Youngstown council delays $3M action for central safety campus

YOUNGSTOWN — City council chose to delay a vote on a $3 million American Rescue Plan spending request from the administration to hire an architectural firm for a proposed safety-service campus.

Also Wednesday, council rejected three separate requests from Councilwoman Amber White, I-7th Ward, to repeal $1.37 million in ARP spending it approved Dec. 20 that was sponsored by Basia Adamczak during her last meeting representing the 7th Ward.

The $3 million in ARP spending for the architectural firm looked as if it were going to pass when council discussed it extensively with administration officials at a Wednesday finance committee before the full council meeting.

The only council member to vocally oppose the legislation at the finance committee was Councilwoman Anita Davis, D-6th Ward.

But during the regular meeting, Councilman Pat Kelly, D-5th Ward, asked that the proposal be moved to a second reading with Davis supporting the request.

Council could have approved the ordinance without an emergency clause Wednesday, which would have allowed it to take effect 30 days after it was approved. But it instead opted to give it a first reading.

After the meeting, Kelly said he was “tired” of the administration coming to council with various financial requests, including this one, and then ignoring the wishes of the members.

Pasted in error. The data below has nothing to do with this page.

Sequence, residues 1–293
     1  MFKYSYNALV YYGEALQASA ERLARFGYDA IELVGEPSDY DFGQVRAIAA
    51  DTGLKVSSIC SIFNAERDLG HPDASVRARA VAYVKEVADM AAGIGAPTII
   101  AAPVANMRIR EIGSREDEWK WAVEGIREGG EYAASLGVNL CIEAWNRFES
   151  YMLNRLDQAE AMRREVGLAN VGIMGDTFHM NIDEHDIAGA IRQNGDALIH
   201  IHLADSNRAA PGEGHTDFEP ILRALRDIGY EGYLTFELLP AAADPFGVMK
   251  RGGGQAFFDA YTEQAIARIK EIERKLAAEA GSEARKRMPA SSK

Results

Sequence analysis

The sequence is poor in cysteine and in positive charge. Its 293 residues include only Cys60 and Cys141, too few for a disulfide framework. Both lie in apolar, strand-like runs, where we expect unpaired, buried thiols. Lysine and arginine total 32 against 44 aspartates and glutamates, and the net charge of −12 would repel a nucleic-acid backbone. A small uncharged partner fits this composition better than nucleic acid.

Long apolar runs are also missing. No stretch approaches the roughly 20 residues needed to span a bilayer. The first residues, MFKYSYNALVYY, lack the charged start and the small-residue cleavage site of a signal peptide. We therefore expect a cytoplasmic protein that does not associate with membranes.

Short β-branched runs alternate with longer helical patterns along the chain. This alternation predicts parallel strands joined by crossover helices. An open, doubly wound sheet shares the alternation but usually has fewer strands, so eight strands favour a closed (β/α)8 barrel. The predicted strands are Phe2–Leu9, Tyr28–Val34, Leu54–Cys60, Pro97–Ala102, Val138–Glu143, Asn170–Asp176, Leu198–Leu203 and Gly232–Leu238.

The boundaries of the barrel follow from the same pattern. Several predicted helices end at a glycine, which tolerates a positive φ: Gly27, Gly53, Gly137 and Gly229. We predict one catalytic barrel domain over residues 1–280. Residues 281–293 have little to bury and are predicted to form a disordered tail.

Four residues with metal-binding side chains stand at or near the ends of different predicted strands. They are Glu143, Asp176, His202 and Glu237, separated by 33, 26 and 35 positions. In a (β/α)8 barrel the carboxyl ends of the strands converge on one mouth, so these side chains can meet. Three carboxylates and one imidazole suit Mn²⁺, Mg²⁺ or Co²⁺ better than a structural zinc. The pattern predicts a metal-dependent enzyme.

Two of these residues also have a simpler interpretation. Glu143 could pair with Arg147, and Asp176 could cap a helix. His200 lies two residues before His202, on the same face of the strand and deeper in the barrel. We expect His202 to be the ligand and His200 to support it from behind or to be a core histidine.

“Across the board, I don’t think all of us are 7-0 on a safety campus,” Kelly said. “I want further discussion for a $3 million design and $40 million for a safety campus. We need much more than one reading.”

The legislation, sponsored by Mayor Jamael Tito Brown, was to be a major step toward an envisioned $45 million safety-service complex on the city’s North Side, near the Liberty Township border. Brown said the architectural firm would provide a firm cost for the project.

Brown in December asked council to consider spending up to $15 million in ARP funds for the facility, but several members said it was too much money and didn’t like the location.

Councilman Mike Ray, D-4th Ward, who said there are concerns with the location, initially proposed in Wednesday’s finance committee to keep the proposal in that committee for further discussion.

Councilman Julius Oliver, D-1st Ward, who supports the location, said he didn’t object to that request “to make sure people are comfortable.”

But Brown said: “We have had further discussion. How do we keep this moving forward? Council wanted hard numbers and this would do that.”

Charles Shasho, deputy director of public works, said to get the project going, the design work is needed and he plans to create a site selection committee that would include two council members to discuss the location.

Also, Finance Director Kyle Miasek said that ARP funds have to be allocated under federal law by Dec. 31 or the city would have to return the rest.

After the administration officials spoke, a majority of council was prepared to vote for the $3 million ARP allocation.

But then Kelly spoke, and the vote was postponed.

The site proposed by the administration is on Wick Avenue at what was known as the Wick Six, a group of new car dealerships that left in the 1980s as the area deteriorated.